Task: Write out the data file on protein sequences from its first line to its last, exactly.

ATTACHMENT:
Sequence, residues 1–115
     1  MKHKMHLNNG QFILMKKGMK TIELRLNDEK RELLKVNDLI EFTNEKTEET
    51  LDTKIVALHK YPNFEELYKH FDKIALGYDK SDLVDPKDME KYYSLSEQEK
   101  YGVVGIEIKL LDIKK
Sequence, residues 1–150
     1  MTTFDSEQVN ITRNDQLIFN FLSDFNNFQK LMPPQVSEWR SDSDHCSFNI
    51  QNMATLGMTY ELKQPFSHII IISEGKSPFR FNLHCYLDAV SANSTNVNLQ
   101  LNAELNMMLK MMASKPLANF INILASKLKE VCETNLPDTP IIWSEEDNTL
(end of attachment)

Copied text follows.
Sequence, residues 1–115
     1  MKHKMHLNNG QFILMKKGMK TIELRLNDEK RELLKVNDLI EFTNEKTEET
    51  LDTKIVALHK YPNFEELYKH FDKIALGYDK SDLVDPKDME KYYSLSEQEK
   101  YGVVGIEIKL LDIKK
Sequence, residues 1–150
     1  MTTFDSEQVN ITRNDQLIFN FLSDFNNFQK LMPPQVSEWR SDSDHCSFNI
    51  QNMATLGMTY ELKQPFSHII IISEGKSPFR FNLHCYLDAV SANSTNVNLQ
   101  LNAELNMMLK MMASKPLANF INILASKLKE VCETNLPDTP IIWSEEDNTL